Picturing the New Negro

Harlem Renaissance Print Culture and Modern Black Identity

Caroline Goeser

Vasari Award

During the 1920s and 1930s, black artists and writers achieved something totally unprecedented: they created a new image of African Americans that truly reflected their times as well as their history. In so doing, they set the artistic agenda of the Harlem Renaissance and gave form to some of its most compelling visions.

“This important work . . . [is] replete with gorgeous, well-selected images, many familiar to readers of Harlem Renaissance studies, but placed here in fresh contexts. The book is not aimed strictly at readers seeking a new take on the Harlem Renaissance, but more generally, it is useful for those who desire some insight into the world of illustration and race. . . . Ultimately [the book is] a marvelous catalogue of information and iconograpy that goes beyond the chronological and ideological boundaries of the Harlem Renaissance. . . . Carefully researched, this book contains stories within stories. . . .


“Goeser’s analysis makes an important contribution to our understanding of visual content in the early twentieth century African-American print culture and the political empowerment it offered to an emerging community of artists.

—Journalism History
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This innovative study examines the efforts of Harlem Renaissance artists and writers to create a hybrid expression of black identity that drew on their ancient past while participating in contemporary American culture. Caroline Goeser investigates a critical component of Harlem Renaissance print culture that until now has been largely overlooked, arguing that illustrations became the most timely and often most radical visual products of the movement.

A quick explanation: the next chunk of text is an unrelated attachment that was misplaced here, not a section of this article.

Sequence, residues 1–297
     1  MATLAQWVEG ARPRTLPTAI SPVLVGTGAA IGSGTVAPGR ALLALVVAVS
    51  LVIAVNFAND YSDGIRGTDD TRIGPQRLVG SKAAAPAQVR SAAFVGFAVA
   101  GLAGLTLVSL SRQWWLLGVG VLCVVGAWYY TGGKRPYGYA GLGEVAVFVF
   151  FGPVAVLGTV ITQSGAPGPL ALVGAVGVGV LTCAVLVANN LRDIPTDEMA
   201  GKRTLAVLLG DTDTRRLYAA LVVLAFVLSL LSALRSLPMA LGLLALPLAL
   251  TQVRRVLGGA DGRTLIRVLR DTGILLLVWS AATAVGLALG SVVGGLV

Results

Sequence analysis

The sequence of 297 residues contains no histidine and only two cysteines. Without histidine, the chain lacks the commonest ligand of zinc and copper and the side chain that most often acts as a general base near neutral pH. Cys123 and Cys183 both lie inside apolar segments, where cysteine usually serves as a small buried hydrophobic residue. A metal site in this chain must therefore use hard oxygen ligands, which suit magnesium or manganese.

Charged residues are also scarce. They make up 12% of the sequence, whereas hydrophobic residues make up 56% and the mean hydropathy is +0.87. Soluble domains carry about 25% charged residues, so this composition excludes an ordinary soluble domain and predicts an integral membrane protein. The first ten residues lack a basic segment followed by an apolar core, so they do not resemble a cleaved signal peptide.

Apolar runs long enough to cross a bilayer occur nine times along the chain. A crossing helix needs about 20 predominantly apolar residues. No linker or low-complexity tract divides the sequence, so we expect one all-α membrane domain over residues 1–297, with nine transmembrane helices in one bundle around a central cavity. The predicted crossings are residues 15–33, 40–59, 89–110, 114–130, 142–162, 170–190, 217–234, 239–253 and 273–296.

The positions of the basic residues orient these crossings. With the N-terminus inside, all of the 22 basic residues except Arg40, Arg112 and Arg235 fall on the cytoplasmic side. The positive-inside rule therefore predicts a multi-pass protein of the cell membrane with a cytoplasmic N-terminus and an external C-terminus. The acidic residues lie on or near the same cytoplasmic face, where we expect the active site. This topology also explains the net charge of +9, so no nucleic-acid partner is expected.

This vibrant partnership between literary and visual talents—a trail blazed by artist Aaron Douglas and poet Langston Hughes—resulted in the image of the New Negro, one that remade the African American past in order to foster greater participation in modern American culture and commerce. Illustrations by Douglas, James Wells, Gwendolyn Bennett, and others appeared on covers of books about black American life and in journals such as Opportunity and The Crisis. Goeser considers the strategies that these artists developed to circumvent stereotypes and shows how their work was received within the movement and in mainstream America.

Connecting visual imagery with literary text and commercial enterprise, these illustrations participated in the modern economy in ways that painting and sculpture could not. Goeser reveals how Harlem Renaissance illustrators depicted the wide-ranging and sometimes conflicting ideas about black identity held within the community: African roots and Egyptian heritage, racial uplift and gay pride. She shows how some artists revisited the Judeo-Christian tradition by portraying a black Adam and Jesus, and examines the interdependent relationships between race and sexuality in the work of artists Richard Bruce Nugent and Charles Cullen, the former black, the latter white.

Goeser clearly shows that, contrary to common belief, the visual image of the New Negro was created by African Americans, for African Americans. Her work assigns a central role to black artists as cultural innovators intimately involved with the construction of identity and new expressive paradigms and is a new touchstone in understanding both the emergence of black identity and American culture between the world wars.

About the Author

Caroline Goeser is assistant professor of art history in the School of Art at the University of Houston.

Additional Titles in the CultureAmerica Series